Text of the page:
An Unexpected Message


I brought a sweet little book home from the library sale last month called A Short Guide to  Happy Life, by Anna Quindlen.

I figured I’d give it a quick read and then pass it on as a gift. It’s a bite-sized book filled with stop-and-smell-the-roses type advice geared mostly toward young graduates, but it could easily be for all ages.

Quindlen is a former New York Times columnist turned gifted novelist so I was curious (but admittedly doubtful) if she had anything to say that I hadn’t heard before. I also wondered how she would shine her “writer’s light” on the same old list of “dos and don’ts” that humans like me have so much difficulty practicing in our busy daily lives.

Quindlen’s a mother, too. What sage advice did she most want to pass on to her children? I bet it’s the same advice I’d like to give mine.

The book sat unopened in my home office for a few weeks until one afternoon I decided to crack it open and thumb through it. I gasped at the first words I read.

To my surprise, the biggest lesson in this book was not from the author, but on the blank cover page of this second-hand copy. There, I found an inscription: a heartfelt note from a mother who’d bought the book for her son, Andrew, in 2005.


Obviously, I don’t know anything about this mom or her son or their relationship. There’s a whole unknown story behind these two short sentences, and it widens with Andrew’s heartbreaking response.  That’s the part I whited out above. Here’s the page in full…


Ooh, that stings, huh?

Did Andrew give the book back to his mom after he wrote this? Was Andrew OK? Was Mom OK? Were they having a normal disagreement like moms and teens (I’m assuming Andrew was a teen) do or were there deeper issues?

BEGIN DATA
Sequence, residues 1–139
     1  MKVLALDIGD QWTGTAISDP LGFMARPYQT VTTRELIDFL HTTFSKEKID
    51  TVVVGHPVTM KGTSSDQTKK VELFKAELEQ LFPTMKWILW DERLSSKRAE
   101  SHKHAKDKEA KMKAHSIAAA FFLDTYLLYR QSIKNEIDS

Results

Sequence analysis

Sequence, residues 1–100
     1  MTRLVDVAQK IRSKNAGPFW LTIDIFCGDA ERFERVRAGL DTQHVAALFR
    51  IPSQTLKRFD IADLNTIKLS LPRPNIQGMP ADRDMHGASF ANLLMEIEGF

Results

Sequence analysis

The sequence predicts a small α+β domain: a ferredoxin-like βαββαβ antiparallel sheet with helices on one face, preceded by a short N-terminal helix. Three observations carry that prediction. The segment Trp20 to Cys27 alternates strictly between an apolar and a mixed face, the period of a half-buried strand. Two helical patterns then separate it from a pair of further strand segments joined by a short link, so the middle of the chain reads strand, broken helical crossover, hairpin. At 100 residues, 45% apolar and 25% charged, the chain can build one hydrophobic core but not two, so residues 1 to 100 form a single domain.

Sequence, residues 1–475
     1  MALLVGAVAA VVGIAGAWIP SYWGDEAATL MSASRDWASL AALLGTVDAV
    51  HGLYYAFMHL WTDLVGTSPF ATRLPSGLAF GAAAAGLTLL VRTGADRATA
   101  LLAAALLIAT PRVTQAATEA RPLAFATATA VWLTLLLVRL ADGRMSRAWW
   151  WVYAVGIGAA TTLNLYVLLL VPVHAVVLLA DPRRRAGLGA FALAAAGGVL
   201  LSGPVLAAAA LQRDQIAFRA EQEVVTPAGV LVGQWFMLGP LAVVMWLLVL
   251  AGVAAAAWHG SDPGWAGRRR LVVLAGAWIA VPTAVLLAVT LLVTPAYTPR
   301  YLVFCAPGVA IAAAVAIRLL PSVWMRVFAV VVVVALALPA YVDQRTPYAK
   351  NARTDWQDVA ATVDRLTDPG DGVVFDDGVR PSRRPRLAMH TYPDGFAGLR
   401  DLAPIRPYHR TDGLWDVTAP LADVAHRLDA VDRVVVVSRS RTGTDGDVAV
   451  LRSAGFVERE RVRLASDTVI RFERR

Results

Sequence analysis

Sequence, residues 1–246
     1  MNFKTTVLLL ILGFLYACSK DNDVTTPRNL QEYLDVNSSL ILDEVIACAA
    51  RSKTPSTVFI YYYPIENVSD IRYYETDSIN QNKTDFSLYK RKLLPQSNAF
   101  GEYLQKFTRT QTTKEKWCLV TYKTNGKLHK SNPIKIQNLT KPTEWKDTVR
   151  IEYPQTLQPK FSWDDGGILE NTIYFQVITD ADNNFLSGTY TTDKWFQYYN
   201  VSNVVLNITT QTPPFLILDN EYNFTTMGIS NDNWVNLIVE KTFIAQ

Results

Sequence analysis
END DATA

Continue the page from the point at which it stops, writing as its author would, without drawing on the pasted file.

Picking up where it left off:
Granted, I don’t know if Andrew’s inscription is legitimate or not. The book could have been donated and picked up at Goodwill by some smart ass who thought it would be funny to add a fictional note.

But true or not for Andrew and his mom, they hit certainly hit home for some families, especially in the hard times we all have.

Perhaps there’s no such thing as a short guide to a happy life. As much as we hope a sweet little book we brought home from the library will solve our problems, it won’t. We may pick up a nugget of inspiration and carry it with us for awhile. I think that’s all Andrew’s mom was hoping for, but Andrew didn’t want it and that’s OK.

Don’t “they” always say life doesn’t come with an instruction manual? Writer after writer tries to write one. Parent after parent tries to impart one. Great teachers try to inspire one. Faith leaders try to instill one. Sometimes it works; more often not. Personal experience is the best guide.

I hope Andrew found his happy life. Mom, too.


Cover page inscription aside, Quindlen did write a sweet book. Here are just a few bits I liked:

  • “… show up. … listen. … try to laugh.”
  • Get a life “in which you notice the smell of salt water pushing itself on a breeze over the dunes, a life in which you stop and watch how a red-tailed hawk circles over a pond and a stand of pines.”
  • “Find people you love, and who love you…it is work.”

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